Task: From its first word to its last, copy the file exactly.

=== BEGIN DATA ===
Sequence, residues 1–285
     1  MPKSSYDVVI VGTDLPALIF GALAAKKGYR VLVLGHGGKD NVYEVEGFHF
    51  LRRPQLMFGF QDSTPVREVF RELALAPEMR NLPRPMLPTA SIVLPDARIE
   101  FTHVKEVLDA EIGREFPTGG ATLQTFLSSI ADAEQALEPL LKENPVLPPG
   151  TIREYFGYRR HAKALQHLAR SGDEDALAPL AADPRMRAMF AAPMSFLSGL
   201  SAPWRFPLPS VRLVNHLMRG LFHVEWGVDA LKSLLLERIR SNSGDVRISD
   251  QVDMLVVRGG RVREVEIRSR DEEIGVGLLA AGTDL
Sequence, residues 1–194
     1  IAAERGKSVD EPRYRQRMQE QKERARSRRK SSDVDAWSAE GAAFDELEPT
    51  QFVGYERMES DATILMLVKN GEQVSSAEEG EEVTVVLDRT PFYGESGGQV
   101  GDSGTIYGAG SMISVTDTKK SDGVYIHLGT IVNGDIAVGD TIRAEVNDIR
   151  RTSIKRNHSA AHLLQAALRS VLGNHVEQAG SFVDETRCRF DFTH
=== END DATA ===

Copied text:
Sequence, residues 1–285
     1  MPKSSYDVVI VGTDLPALIF GALAAKKGYR VLVLGHGGKD NVYEVEGFHF
    51  LRRPQLMFGF QDSTPVREVF RELALAPEMR NLPRPMLPTA SIVLPDARIE
   101  FTHVKEVLDA EIGREFPTGG ATLQTFLSSI ADAEQALEPL LKENPVLPPG
   151  TIREYFGYRR HAKALQHLAR SGDEDALAPL AADPRMRAMF AAPMSFLSGL
   201  SAPWRFPLPS VRLVNHLMRG LFHVEWGVDA LKSLLLERIR SNSGDVRISD
   251  QVDMLVVRGG RVREVEIRSR DEEIGVGLLA AGTDL
Sequence, residues 1–194
     1  IAAERGKSVD EPRYRQRMQE QKERARSRRK SSDVDAWSAE GAAFDELEPT
    51  QFVGYERMES DATILMLVKN GEQVSSAEEG EEVTVVLDRT PFYGESGGQV
   101  GDSGTIYGAG SMISVTDTKK SDGVYIHLGT IVNGDIAVGD TIRAEVNDIR
   151  RTSIKRNHSA AHLLQAALRS VLGNHVEQAG SFVDETRCRF DFTH